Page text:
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Navy SEAL investigated for alleged ties to extremists

Navy Chief Special Warfare Operator Bryce Henson has allegedly attended rallies with people wearing Proud Boys’ attire.
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Navy SEAL Trident
A Navy SEAL Trident. (Mass Communication Specialist 1st Class Anthony W. Walker/U.S. Navy)

Navy Chief Special Warfare Operator Bryce Henson, an active-duty SEAL based in San Diego and former member of SEAL Team 6, is under investigation for allegedly participating with or supporting extremist causes, a Naval Special Warfare Command spokesperson confirmed on Monday.

“While Sailors are always allowed to exercise their rights to freedom of speech and assembly if they follow the law and policy restriction, participation with hate or extremist groups of any kind is contradictory to the core values of the Navy and is not tolerated by NSW,” the spokesperson told Task & Purpose.

The spokesperson declined to say which groups Henson is suspected of associating with.

“As a matter of policy, we will not release specific details about the ongoing investigation,” the spokesperson said. “We ask for the public’s patience and understanding as we proceed with this investigation. Our priority is to ensure a fair and just process for all parties involved.”

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Henson enlisted in the Navy in May 2010 and his past assignments include serving with the Joint Special Operations Command’s Development Group (DEVGRU), also known as “Seal Team 6,” according to his service record, which was provided to Task & Purpose. Since April, he has been assigned to the Naval Special Warfare Center at Coronado, California. He became a chief petty officer in April 2021.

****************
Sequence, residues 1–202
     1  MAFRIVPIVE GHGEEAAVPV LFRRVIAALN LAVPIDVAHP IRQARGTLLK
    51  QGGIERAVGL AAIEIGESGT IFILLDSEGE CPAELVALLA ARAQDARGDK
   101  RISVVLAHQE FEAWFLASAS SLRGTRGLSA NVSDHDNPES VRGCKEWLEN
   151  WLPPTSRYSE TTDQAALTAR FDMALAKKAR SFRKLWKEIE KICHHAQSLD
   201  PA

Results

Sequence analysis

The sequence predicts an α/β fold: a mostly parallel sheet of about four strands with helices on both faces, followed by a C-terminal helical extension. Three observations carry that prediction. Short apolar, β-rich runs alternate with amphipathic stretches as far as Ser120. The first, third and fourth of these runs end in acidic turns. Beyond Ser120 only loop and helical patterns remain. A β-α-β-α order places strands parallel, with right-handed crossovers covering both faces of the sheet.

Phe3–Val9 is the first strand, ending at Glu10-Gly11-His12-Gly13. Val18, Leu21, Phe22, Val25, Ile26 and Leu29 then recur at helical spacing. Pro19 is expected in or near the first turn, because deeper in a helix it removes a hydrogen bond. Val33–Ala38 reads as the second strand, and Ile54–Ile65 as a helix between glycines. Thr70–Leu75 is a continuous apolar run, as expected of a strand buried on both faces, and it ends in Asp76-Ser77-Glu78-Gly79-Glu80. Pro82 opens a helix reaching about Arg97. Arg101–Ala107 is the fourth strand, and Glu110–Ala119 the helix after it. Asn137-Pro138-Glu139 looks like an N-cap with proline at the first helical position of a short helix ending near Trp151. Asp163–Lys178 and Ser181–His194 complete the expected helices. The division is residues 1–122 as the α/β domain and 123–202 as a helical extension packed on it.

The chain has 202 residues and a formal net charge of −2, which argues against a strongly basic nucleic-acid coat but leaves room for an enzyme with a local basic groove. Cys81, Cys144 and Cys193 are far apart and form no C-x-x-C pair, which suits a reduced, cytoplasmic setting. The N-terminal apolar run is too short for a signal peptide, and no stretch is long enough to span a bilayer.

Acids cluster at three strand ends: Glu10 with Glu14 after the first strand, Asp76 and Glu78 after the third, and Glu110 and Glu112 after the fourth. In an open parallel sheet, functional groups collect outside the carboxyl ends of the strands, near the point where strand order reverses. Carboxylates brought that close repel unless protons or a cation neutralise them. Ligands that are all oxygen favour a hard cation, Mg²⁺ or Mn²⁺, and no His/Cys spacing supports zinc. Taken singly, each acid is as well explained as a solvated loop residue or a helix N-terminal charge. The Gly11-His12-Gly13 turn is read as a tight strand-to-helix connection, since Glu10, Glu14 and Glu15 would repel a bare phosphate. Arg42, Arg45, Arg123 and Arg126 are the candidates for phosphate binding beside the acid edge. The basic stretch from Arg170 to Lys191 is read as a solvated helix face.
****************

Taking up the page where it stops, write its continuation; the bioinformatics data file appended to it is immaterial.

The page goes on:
KPBS, a San Diego television station, first reported that Henson has appeared at several rallies along with other people wearing attire frequently used by the Proud Boys, a white supremacist group that has a history of brawling with left-wing protesters.

Henson declined to comment when contacted by Task & Purpose on Monday.

A source with knowledge of the case told Task & Purpose that the Navy has yet to find evidence that shows Henson is an active member of an extremist group.

In December 2021, the Defense Department broadened its definition of “extremist activities” to include, “Advocating widespread unlawful discrimination based on race, color, national origin, religion, sex (including pregnancy), gender identity, or sexual orientation.”

The Los Angeles Times first revealed in October that Henson had used the pseudonym “Ben Richards” when he helped lead a rally in August to protest against rights for gay, lesbian, and transgender students.

Henson initially identified himself to the newspaper as Richards, founder of SoCal Parent Advocates. The organization’s Instagram page says the group is dedicated to “exposing, challenging, and resisting CRT [critical race theory], radical gender ideology, and vaccine/mask tyranny” in southern California schools.

“Asked by The Times why he used the fake name Ben Richards — after Arnold Schwarzenegger’s character in the 1987 dystopian film ‘The Running Man’ — Henson said he initially was concerned for his safety,” The Los Angeles Times reported. “Now, he says, he does it to make an ideological point. He said transgender people shouldn’t question his decision to ‘identify’ as a fictitious movie character if they want him to ‘respect their crazy identity.’”

SoCal Parent Advocates posted a Nov. 10 statement on “X” referring to Ben Richards as “a father, a Marine, and a Navy SEAL.” The statement did not identify Richards as Henson.

Before joining the Navy, Henson served in the Marine Corps from October 2004 until  February 2009 as a combat engineer, according to his Marine Corps service record, which was provided to Task & Purpose on Tuesday.

His military awards include the Iraq Campaign Medal, and his last duty assignment was with the 1st Combat Engineer Battalion, 1st Marine Division, at Camp Pendleton in California. Henson left the Marine Corps as a sergeant.

“Currently involved in an ongoing investigation, Ben is unavailable for comment,” the statement says. “Nonetheless, he is confident that the investigation will vindicate him of any wrongdoing, demonstrating that he has only been a dedicated and responsible father, and, a hero for knowingly assuming risk to help parents under attack.”

UPDATE: 11/14/2023; this story was updated after the Marine Corps provided Task & Purpose with Bryce Henson’s service record.

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